Let’s leave aside the various market definitions. We faced extremes with the coronavirus’s impact on our markets, economy, lockdowns, and our lives. When the markets initially plunged, we suggested that investors not sell stocks in panic unless they needed to do so for liquidity purposes. Having an emergency fund is essential in providing liquidity so that you cover your living expenses during unforeseen events. I think we can agree that the coronavirus was such an event. We pointed to the Great Recession as a recent example of why you should avoid selling stocks at a market bottom.

How Far Can Stocks Rise? It Depends

With some early signs of economic improvement, do the stocks continue to rise? That depends on whether there will be future upside surprises to indicators that matter. 

Let’s face the fact the current 5.4%  unemployment is still a high number with room for improvement to the mid 3% range which is low and where we were in 2019. 

The continued rise in stocks will be dependent on how fast and far unemployment rates decline and inflation remaining at moderate levels. 

3 Fundamental Factors That Affect Stock Prices

Typically, a company’s value should reflect the present value of its future cash flows. To calculate future cash flows, investors should consider several factors that affect whether the stock is overvalued or undervalued.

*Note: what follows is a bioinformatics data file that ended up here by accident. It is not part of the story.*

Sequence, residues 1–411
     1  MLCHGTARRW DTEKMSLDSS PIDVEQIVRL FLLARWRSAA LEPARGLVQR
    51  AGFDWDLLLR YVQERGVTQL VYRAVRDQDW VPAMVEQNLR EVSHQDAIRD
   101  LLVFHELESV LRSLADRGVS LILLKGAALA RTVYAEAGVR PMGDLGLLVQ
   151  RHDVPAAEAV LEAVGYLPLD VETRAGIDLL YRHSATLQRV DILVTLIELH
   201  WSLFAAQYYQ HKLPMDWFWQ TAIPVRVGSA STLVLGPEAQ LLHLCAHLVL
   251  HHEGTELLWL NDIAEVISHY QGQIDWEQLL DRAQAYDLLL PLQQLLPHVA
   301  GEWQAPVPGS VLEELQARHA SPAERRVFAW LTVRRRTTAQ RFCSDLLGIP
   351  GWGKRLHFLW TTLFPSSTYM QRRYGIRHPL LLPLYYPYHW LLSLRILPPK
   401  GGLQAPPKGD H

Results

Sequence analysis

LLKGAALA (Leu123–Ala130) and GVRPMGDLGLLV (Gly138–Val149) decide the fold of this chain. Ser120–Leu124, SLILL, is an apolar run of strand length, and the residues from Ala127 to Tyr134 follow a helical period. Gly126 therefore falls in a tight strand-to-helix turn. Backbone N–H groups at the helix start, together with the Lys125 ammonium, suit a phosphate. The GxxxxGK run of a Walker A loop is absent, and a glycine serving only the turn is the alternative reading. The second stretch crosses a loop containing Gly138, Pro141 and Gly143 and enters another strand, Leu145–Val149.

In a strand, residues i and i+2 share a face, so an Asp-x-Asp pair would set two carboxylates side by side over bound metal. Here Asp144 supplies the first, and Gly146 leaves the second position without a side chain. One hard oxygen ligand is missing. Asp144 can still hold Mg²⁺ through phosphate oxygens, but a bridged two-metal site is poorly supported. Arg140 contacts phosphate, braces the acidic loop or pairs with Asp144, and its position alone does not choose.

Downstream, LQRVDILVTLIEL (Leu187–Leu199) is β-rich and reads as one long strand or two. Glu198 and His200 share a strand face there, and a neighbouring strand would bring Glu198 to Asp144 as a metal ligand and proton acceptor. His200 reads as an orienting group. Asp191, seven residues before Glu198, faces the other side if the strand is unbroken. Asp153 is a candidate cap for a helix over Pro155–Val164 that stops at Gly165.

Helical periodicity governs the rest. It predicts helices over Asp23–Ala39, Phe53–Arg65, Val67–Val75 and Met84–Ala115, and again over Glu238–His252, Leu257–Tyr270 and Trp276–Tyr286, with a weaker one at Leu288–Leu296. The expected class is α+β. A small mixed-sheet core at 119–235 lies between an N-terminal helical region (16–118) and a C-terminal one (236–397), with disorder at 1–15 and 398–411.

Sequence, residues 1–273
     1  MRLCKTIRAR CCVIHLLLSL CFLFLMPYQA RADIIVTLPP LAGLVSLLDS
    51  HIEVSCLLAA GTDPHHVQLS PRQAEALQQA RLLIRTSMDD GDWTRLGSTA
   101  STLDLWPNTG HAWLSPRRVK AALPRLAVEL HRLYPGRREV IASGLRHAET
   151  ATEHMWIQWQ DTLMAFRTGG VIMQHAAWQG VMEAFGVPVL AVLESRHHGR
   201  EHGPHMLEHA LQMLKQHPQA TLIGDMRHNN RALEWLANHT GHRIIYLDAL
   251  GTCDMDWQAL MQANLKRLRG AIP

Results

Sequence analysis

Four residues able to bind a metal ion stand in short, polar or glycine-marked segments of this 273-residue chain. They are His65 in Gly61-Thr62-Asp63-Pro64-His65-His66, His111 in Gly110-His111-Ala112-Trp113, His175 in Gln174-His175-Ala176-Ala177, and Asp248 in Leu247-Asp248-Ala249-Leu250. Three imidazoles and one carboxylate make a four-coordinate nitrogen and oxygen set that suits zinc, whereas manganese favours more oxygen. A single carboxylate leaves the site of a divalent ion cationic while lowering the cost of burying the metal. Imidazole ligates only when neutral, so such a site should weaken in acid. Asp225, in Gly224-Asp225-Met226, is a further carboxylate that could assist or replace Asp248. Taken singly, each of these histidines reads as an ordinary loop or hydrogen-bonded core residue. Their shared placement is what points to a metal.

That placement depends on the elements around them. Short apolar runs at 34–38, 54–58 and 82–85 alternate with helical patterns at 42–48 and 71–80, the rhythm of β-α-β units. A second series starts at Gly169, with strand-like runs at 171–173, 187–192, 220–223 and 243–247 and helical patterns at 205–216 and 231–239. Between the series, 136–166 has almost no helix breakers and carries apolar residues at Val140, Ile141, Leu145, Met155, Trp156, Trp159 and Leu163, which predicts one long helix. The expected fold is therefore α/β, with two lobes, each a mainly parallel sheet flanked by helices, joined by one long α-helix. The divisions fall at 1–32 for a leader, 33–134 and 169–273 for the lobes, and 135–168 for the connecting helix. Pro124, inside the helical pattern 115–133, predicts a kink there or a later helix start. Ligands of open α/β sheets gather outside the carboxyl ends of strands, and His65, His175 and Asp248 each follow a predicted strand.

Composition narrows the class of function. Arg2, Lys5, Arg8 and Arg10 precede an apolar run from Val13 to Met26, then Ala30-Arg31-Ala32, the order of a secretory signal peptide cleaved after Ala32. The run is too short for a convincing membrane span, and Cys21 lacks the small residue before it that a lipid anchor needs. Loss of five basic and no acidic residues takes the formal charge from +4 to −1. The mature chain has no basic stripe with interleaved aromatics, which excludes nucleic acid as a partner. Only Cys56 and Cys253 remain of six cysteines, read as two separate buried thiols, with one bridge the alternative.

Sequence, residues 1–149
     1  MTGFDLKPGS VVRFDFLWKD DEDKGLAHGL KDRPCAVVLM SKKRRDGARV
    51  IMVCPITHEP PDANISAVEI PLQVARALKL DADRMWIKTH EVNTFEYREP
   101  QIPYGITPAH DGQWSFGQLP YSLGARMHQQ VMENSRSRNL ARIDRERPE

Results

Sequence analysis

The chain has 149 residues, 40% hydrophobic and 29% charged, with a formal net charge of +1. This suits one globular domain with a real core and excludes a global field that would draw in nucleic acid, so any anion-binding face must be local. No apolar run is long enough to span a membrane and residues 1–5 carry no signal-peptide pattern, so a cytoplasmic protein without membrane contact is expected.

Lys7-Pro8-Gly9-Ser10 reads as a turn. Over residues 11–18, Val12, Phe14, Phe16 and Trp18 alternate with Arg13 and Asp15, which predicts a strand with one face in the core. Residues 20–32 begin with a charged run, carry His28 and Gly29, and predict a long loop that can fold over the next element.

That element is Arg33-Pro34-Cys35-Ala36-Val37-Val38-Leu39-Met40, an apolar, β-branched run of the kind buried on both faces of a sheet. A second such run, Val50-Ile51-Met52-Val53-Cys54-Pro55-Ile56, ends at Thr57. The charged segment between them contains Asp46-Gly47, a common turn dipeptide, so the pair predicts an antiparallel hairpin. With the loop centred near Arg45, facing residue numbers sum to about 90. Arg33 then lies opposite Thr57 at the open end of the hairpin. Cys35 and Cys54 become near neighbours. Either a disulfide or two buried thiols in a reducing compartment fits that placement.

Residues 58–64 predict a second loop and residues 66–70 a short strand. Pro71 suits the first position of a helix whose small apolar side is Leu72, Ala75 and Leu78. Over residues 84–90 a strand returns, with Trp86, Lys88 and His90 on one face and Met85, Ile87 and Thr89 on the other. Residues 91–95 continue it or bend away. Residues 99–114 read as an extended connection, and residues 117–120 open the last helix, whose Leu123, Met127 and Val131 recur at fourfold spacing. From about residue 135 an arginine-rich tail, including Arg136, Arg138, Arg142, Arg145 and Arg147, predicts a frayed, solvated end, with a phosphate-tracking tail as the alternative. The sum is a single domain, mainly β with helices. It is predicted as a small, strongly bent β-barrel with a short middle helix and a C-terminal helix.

Three key fundamental factors: 

1. The Economy

Investors look at how economic growth drives demand for the company’s products and services: the more substantial the need, the stronger the company’s revenue, cash flows, and potential valuation. When investing, you should have a basic knowledge of the economy and the Fed’s role in correcting economic changes. Those changes could indicate a weakening economy, direction of interest rates, or higher inflation. We believe in understanding why unemployment matters, which you can read here.

The severity of the coronavirus and government action encouraged social distancing and lockdowns. As a result, there were alarming changes in economic indicators, signaling a recession. With a low 3.5% unemployment in February 2020, our economy was healthy, then rose to 14.7% in April. Weekly initial claims for unemployment insurance and its four-week moving averages tend to be a better economic gauge. They rose as we experienced the virus’s impact on our lives. Jobless numbers started to grow in the hundreds of thousands by late February, then millions of people in March. Even now, the unemployed levels are still rising at high rates, though they improved from the initial claims in March and April.

From the start, this economic decline was different from previous recessions. Our economy’s downturn was event-driven by a coronavirus, but that doesn’t make it less devastating. Economic activity ceased as many remained sequestered at home.  When unemployment rises, consumers spend less, and businesses suffer. Layoffs and furloughs resulted, mostly if workers could not work remotely. Essential workers were feverishly needed to do jobs despite the threat of the virus. They weren’t shopping either.

High Personal Savings Rates

Rather than spending, personal savings rates rose to a record level of 33% in April 2020. That’s another indicator that consumers hoarded cash out of fear or reduced consumption as we stayed home. That’s a good news-bad news story. Personal savings are essential to build as an emergency cushion, reduce high debt levels, or invest in assets. Americans had been lagging in savings rates for years. The current rates have been normalizing to 9.4%, just above the 8.2% before the pandemic. Ultimately, people have been experiencing life post-pandemic, with higher pent-up demand and consumer spending.